Graphic by Mai Nguyen
Since the Industrial Revolution the United States of America has been in a nonstop cycle: buy, use, discard, repeat. This consumerism washing machine has drastically limited the way we value a dollar.
As someone who lives below the poverty line, I have learned my fair share about where I ought to allocate money. Pay the bills. Pay for the credit cards. Pursue my passions.
Teenagers are most inclined to spend their money on food and clothes, but there is so much more to explore in life. Here’s some quick math. If an individual buys fast food for lunch three times a week and spends $100 on clothes a month, he/she has spent about $220 on quick gratifiers by the end of the month. Now let’s flip the script. Say this person eats food from home and refrains from purchasing clothing the next month. With that $220 he/she can buy plane tickets for a memorable vacation in addition to diapers for the struggling single mother of four who works at the fast food restaurant he/she frequents.
What about the world’s environmental issues?
It only took ten days to raise $835 million for the Notre Dame fire, but the fires in the Amazon Rainforest are still raging. There have been about 80,000 fires in the Amazon this year and this number is only increasing. Why is it so easy to provide funds for a building, yet so difficult to breathe life into the world we live in?
Consumerism has branded a deafening question into our minds: What does it do for me? For example the Notre Dame inferno provided us with the opportunity to connect to the past it once gave life to. The effect of the dollars contributed continues to manifest as the cathedral is rebuilt to its former glory with each grandiose wall and antique bell. Yet we would jeopardize our oxygen, our planet, by treating it poorly and refusing to hope for, or to pay for, a solution. We can’t see the immediate effects of the research efforts to extinguish the blazes and cure the earth we’ve poisoned, so we simply don’t fund it.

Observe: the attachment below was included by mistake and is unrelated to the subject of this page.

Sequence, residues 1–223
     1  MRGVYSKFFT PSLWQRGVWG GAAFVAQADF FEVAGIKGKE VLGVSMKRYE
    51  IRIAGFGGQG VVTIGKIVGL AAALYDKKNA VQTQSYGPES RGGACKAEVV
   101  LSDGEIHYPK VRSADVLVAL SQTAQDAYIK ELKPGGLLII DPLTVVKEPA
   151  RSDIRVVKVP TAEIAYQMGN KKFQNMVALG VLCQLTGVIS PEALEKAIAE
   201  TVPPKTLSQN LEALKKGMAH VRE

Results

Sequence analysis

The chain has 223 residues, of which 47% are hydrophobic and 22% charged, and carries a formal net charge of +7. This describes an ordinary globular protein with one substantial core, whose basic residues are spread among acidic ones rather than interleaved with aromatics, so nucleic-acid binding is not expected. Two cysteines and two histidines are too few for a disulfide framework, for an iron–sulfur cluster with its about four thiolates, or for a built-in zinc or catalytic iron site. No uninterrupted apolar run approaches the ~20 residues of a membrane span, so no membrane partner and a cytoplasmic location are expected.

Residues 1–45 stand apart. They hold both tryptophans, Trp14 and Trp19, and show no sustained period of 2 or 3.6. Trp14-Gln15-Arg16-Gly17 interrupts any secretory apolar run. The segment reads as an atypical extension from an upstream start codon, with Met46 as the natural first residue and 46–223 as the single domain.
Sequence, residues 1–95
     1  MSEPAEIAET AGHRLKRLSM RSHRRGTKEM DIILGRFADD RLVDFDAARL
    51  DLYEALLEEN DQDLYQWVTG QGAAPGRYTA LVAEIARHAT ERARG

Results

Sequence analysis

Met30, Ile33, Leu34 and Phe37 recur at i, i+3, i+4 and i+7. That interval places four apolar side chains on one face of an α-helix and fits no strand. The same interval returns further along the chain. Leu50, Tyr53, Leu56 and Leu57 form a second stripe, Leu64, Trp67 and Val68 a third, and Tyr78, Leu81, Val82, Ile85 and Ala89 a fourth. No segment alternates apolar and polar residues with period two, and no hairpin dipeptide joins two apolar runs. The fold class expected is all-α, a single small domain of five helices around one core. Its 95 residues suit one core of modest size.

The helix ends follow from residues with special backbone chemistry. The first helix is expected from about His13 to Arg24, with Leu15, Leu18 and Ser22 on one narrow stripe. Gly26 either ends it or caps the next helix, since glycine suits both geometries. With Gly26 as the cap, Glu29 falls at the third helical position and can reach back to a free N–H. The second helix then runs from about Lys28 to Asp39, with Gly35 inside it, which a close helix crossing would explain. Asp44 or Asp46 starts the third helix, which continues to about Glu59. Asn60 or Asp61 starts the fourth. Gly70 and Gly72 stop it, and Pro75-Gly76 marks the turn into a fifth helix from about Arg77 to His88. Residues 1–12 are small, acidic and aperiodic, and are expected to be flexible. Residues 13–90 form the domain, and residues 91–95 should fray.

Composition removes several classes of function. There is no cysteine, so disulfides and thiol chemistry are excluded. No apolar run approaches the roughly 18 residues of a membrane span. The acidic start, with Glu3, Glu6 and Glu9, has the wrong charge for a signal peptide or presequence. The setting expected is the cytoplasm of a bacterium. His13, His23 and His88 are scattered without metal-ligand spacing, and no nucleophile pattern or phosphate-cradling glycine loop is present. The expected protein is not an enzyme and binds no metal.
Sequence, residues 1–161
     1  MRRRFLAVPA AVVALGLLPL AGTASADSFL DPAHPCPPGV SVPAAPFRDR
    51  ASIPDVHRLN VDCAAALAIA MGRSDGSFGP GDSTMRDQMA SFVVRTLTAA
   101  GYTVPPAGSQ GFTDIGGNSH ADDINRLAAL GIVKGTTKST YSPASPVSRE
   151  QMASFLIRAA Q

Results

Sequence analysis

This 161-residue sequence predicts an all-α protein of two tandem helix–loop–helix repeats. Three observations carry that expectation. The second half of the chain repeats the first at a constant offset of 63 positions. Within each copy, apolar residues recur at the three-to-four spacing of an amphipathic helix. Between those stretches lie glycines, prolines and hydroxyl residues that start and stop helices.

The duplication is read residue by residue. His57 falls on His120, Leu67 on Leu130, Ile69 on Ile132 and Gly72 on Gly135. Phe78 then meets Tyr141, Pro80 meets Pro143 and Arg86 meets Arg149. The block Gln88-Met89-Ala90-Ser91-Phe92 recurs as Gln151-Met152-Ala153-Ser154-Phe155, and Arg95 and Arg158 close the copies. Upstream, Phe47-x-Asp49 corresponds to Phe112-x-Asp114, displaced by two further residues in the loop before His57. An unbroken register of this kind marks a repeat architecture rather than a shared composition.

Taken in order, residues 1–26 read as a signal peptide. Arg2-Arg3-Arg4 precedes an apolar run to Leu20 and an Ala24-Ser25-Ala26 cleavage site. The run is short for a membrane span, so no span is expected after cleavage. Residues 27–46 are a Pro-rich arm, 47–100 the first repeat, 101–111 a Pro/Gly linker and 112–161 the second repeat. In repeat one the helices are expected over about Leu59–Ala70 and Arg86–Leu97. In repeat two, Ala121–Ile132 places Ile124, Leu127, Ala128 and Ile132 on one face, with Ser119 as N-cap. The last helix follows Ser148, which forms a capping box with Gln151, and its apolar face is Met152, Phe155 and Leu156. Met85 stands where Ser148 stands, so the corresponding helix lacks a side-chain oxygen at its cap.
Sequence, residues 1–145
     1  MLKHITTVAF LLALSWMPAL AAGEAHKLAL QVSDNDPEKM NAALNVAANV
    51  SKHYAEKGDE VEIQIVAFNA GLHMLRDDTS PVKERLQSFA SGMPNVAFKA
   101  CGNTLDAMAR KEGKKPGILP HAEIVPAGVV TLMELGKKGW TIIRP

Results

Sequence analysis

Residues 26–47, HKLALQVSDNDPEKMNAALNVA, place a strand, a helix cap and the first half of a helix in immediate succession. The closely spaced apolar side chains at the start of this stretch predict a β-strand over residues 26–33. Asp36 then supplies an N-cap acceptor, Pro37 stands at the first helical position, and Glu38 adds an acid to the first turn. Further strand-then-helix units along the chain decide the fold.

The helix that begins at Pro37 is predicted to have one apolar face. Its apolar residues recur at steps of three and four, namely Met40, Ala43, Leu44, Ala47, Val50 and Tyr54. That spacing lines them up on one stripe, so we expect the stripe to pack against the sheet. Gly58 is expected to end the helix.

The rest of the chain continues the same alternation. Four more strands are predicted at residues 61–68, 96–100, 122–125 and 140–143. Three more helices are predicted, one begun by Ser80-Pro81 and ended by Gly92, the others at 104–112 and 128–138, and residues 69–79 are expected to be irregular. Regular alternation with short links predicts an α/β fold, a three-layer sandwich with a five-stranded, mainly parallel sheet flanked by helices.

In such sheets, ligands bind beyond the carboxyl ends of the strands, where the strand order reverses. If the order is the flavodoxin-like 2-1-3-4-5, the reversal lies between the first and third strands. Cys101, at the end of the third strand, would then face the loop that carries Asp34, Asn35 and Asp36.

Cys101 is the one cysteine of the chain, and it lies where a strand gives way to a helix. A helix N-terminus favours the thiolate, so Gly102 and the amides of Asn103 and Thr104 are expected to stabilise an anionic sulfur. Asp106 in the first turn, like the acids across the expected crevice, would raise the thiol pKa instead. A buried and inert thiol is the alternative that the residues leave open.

We have mistaken the news as a vessel of information about drastic events to complain about. The news is intended to be a wake-up call, inspiring informed action to bring us out of our own little worlds. We are not victims of national and international catastrophes: we are solutions. The world is bigger than hundred dollar athletic shorts and forty dollar plastic nails.
If 10 percent of the North Carolina population gave one dollar, hundreds of Hurricane Dorian victims could be fed, clothed and rehomed.
Everybody has a story that connects them with others. I empathize greatly with chronic illness survivors because of the battle I’ve watched my mom wage with Lyme Disease. Where does your heart call you? Do you empathize with animals? The homeless? Devastation caused by environmental pollution?
The dollar you don’t spend can save a life you didn’t know needed it. If you want to be the change you want to see in the world, you must first put others’ needs before your wants.